A federal judge from the Southern District of Indiana has handed a victory to a group of Black student-athletes at Historically Black Colleges and Universities (HBCUs), who are seeking to change NCAA rules that they claim intentionally discriminate against and punish them.
In denying, in part, the NCAA’s motion to dismiss the lawsuit, the court ruled that the claims of two former student-athletes could move forward. If the case is certified by the court as a class action, the case could represent the hundreds of HBCU student-athletes who have been “negatively impacted by the program,” according to attorneys at FeganScott and May Lightfoot Law, who are representing the plaintiffs.
The case, filed in 2020, alleges that the NCAA’s Academic Performance Program (APP) — created as a way to improve student-athlete academic performance — instead “undermines HBCUs’ mission to serve the historically underserved Black community, including Black student-athletes.” It further alleges that the NCAA “knew the APP was racially discriminatory but enacted and enforced it anyway.”
The suit alleges that the APP applies postseason bans that deny players opportunity to compete with their peers and receive all the privileges, accolades and media coverage that come with post-season play, which may affect their career trajectories and potentially lucrative post-college benefits. The suit maintains that the bans interfere with the contracts formed between institutions and their athletes, arguing that players are prevented from receiving the full benefits of their contracts and the athletes and schools cannot access greater publicity and revenue from highly publicized events. HBCU teams are 43 times more likely to receive such bans than teams at other, predominantly white institutions, according to the attorneys.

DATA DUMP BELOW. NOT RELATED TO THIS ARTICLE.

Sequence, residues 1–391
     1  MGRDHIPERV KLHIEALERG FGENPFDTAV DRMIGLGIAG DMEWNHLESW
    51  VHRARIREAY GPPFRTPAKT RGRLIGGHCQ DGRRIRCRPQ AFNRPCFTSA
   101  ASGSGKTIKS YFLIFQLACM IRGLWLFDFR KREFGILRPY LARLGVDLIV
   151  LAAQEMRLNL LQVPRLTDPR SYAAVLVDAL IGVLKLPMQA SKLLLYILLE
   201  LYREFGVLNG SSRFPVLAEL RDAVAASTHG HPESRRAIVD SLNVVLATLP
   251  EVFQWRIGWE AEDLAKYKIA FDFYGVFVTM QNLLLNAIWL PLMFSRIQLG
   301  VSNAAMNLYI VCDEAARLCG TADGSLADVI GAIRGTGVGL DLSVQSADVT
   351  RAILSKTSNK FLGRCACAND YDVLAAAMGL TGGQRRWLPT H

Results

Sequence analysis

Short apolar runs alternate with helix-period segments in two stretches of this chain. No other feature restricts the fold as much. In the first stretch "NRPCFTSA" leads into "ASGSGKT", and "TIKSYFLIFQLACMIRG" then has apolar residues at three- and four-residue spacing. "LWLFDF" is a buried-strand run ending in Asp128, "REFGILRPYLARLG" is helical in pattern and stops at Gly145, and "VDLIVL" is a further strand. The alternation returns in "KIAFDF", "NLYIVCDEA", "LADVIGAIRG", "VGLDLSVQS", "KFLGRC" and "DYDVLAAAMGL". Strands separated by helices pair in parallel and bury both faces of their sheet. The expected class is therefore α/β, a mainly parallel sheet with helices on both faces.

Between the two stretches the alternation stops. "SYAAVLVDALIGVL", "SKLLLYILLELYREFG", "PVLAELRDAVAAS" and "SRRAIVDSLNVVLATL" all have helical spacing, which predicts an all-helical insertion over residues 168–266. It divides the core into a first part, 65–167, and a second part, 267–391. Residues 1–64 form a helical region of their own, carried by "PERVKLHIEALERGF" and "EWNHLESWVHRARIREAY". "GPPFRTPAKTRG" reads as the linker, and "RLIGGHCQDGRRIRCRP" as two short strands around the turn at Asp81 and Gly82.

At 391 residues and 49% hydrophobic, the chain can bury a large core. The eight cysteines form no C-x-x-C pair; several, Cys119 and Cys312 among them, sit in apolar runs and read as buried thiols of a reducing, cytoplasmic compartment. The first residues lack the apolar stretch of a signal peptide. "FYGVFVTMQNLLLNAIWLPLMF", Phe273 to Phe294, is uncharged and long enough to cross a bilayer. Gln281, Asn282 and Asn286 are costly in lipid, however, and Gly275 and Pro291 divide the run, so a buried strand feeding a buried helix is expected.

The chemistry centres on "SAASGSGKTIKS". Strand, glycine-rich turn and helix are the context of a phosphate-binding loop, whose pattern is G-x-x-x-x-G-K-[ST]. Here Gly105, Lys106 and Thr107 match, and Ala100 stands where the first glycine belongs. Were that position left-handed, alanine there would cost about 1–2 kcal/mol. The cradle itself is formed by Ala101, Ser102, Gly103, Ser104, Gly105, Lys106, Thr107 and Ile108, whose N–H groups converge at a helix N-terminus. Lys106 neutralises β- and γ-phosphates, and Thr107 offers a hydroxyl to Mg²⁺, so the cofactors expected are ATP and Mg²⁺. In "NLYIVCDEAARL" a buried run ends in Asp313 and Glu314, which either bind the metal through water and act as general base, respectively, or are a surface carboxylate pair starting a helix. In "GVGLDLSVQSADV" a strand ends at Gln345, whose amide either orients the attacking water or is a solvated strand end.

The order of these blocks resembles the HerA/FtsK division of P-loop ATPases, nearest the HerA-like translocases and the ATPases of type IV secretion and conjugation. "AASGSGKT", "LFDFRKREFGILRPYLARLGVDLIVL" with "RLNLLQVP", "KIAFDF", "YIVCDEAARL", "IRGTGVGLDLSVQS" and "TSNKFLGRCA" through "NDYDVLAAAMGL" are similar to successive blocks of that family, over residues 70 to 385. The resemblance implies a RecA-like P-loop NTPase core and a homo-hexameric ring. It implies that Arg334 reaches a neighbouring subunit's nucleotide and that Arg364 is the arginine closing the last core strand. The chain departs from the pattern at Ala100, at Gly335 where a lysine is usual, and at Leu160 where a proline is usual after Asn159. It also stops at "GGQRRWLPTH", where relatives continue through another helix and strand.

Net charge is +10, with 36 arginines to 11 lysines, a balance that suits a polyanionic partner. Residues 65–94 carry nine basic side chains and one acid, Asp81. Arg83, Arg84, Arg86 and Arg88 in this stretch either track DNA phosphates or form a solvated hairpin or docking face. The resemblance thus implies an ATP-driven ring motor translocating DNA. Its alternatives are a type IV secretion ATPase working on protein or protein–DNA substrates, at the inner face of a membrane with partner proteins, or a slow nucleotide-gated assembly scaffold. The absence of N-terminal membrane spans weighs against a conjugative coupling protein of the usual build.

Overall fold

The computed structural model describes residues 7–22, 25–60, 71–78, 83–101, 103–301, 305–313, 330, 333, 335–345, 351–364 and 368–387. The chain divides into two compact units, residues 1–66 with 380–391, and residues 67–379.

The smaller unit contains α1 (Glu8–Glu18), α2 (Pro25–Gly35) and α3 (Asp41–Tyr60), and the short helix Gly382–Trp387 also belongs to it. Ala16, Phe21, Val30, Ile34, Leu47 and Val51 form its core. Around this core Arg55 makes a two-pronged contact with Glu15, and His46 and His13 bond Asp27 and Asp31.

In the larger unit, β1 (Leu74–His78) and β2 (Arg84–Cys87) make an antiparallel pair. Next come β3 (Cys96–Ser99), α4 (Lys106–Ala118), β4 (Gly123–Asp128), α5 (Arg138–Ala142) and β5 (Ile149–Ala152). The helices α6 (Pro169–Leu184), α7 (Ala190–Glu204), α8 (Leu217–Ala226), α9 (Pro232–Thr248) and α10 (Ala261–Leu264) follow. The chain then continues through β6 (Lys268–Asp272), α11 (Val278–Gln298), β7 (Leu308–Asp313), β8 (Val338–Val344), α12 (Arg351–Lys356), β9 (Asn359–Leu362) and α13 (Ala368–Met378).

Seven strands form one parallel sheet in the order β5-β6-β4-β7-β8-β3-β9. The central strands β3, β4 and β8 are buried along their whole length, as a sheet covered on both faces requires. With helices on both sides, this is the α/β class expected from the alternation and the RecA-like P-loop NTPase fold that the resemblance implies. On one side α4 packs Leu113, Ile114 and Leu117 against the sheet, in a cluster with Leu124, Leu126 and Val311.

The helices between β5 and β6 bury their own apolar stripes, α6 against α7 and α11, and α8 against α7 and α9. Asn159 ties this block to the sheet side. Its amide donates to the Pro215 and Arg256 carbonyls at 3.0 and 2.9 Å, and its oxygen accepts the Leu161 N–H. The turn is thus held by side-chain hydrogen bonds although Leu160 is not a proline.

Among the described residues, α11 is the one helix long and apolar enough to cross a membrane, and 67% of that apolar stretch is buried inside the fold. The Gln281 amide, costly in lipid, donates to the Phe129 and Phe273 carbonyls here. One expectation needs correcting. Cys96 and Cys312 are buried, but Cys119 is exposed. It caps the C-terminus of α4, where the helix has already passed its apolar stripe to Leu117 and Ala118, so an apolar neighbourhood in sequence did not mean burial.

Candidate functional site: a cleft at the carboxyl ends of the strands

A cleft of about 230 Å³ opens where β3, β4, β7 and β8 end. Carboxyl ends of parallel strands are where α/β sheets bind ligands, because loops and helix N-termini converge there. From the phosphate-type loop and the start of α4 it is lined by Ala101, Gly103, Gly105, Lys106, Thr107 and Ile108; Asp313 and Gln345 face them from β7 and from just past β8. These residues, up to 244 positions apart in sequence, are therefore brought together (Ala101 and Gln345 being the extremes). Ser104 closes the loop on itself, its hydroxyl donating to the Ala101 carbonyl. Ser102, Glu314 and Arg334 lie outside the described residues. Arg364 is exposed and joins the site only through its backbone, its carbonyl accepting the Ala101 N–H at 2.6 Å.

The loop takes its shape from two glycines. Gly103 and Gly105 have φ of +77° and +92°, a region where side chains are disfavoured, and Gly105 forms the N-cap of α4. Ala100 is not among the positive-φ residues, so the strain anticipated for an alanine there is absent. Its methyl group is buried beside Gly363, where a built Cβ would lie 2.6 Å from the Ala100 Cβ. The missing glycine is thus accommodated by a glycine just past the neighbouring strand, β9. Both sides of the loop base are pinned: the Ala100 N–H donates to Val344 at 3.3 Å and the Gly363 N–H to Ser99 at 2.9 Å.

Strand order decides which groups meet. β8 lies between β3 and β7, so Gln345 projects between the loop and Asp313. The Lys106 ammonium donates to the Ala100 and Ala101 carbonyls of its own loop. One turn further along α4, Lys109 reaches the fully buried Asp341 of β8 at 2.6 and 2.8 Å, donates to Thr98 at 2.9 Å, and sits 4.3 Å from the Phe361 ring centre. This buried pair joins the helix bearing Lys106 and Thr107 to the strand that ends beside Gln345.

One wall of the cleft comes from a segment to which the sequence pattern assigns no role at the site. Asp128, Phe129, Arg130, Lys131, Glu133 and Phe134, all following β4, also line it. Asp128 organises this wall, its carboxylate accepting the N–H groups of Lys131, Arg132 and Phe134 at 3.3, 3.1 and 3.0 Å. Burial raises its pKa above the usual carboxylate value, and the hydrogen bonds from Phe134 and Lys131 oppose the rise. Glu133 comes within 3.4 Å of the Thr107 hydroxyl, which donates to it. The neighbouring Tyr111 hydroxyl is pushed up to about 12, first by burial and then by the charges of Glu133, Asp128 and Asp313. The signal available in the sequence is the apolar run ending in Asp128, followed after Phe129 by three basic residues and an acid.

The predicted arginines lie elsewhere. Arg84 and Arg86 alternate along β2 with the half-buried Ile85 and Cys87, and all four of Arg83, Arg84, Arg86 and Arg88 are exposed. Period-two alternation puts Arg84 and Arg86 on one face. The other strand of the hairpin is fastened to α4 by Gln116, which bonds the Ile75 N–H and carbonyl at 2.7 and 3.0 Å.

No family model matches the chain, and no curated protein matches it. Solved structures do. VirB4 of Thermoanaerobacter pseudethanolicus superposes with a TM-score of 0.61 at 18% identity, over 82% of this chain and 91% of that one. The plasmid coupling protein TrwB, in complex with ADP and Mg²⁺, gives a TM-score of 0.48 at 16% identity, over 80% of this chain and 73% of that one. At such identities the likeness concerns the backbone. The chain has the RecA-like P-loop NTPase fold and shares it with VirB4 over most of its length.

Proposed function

In assessing the NCAA’s motion, the court found that Troyce Manassa and Austin Dasent have plausibly alleged unequal treatment and the injuries caused by the NCAA’s system. “Beyond the injuries caused by the APP system and denial of the privileges and benefits enjoyed by their peers and predominantly white institutions, and unequal access to career, scouting, and other opportunities, the plaintiffs also allege mental and emotional harm, humiliation, embarrassment and degradation,” according to the attorneys. The court further ruled that, at this stage, the plaintiffs’ claims should not be barred as untimely because they alleged they did not discover the discriminatory purpose of the APP until just before filing suit.
Although claims will be allowed to move forward, the court did dismiss claims against NCAA’s Board of Directors and the NCAA’s Division I Board of Directors.
The suit seeks compensation and punitive damages on behalf of all Black student-athletes who participated in Division I NCAA sports at HBCUs from 2010 to present and who were injured through the implementation of the APP program.